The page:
When the Covid-19 pandemic struck in 2020, national fiscal policies reacted swiftly and forcefully. Member states agreed to massive fiscal expansions in record time. They were less agile when the economy rebounded sharply in 2021. Governments kept their foot on the fiscal accelerator on account of downside risks or pushed even harder taking advantage of revenue windfalls. As a result, the year 2021 confirmed patterns that are as entrenched as they are unfortunate.

First, government expenditure plans are not the anchor of fiscal policy they can and should be. When revenues turn out higher than assumed, there is a high probability they are spent, fully or partially, at least in some countries. Second, risk assessments around the economic outlook are consistently tilted to the downside. Since the onset of the EU fiscal framework at the end of the 1990s, the bi-annual macroeconomic projections of the European Commission have never identified a balance of risks tilted to the upside. Even in years of economic recovery, perceived risks have been mostly skewed to the downside.

Taken together, these two recurring patterns have driven the secular upward trend in government debt observed in some EU member states and raise questions about the scope of fiscal stabilisation. If economic conditions systematically disappoint to the downside, and windfalls are not saved, how can fiscal stabilisation be sustainable in the long run (EFB 2021, Larch et al. 2021)?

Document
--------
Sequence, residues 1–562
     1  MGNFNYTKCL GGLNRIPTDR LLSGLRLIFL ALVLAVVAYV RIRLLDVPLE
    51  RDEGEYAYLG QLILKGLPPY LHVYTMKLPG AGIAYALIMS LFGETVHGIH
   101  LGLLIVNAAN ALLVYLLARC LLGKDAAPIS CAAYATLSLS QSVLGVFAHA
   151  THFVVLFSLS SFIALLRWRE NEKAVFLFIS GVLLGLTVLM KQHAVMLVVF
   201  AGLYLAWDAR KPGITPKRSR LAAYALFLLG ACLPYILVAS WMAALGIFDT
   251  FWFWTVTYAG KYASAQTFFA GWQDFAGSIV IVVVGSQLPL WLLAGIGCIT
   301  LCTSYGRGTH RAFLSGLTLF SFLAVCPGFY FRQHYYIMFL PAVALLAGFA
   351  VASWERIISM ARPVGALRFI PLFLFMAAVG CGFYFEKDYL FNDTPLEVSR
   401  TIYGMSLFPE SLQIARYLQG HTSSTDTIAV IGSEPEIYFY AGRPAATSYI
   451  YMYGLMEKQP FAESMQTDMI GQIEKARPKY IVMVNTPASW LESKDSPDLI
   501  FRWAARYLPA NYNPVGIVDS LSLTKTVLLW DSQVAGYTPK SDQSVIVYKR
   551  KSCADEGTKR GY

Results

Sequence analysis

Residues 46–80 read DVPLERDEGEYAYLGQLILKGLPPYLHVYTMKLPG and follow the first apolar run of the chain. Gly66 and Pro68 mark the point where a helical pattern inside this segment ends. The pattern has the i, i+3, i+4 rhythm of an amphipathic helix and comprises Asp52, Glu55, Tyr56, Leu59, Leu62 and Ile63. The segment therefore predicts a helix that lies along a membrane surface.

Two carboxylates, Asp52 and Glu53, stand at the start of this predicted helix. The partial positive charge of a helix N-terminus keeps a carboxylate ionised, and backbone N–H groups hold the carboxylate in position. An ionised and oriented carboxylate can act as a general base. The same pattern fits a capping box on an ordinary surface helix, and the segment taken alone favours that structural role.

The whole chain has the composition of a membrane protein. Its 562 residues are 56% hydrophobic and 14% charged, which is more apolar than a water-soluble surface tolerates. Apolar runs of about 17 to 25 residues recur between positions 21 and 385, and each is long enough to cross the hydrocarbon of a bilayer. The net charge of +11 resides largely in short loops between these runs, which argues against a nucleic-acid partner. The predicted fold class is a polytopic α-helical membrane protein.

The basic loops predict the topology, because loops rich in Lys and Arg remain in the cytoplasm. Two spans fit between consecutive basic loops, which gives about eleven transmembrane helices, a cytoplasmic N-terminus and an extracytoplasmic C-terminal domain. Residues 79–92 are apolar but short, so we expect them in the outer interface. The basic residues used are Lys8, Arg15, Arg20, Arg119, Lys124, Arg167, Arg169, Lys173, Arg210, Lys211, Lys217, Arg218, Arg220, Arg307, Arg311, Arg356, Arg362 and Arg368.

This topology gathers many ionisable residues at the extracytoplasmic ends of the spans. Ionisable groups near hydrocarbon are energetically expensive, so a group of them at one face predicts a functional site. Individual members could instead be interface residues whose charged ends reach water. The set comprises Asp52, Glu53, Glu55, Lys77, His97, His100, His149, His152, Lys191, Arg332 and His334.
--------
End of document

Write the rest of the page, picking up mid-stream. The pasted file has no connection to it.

In the ongoing review of the EU’s economic governance framework some observers attribute the less-than-optimal fiscal performance in some member states to the complexity of the current set of fiscal rules, a complexity which, according to their narrative, hinders ownership. Although this view has attracted a growing number of followers, it still clashes with a simple yet important fact.

One straightforward way for national governments to circumnavigate the complexities of the current system would have been to follow the expenditure benchmark of the Stability and Growth Pact, i.e. keep government expenditure on a steady path predicated on a prudent rate of long-term economic growth, and let revenues fluctuate over the cycle. Sticking to such a simple and intuitive benchmark would not only have helped stabilise the economy, it would in most cases have ensured consistency with all the other rules of the Stability and Growth Pact. 3 And if it hadn’t, it would have been for fully justified reasons, for instance, in the course of a severe recession when deficits can and should temporarily go beyond the famous 3% of GDP threshold.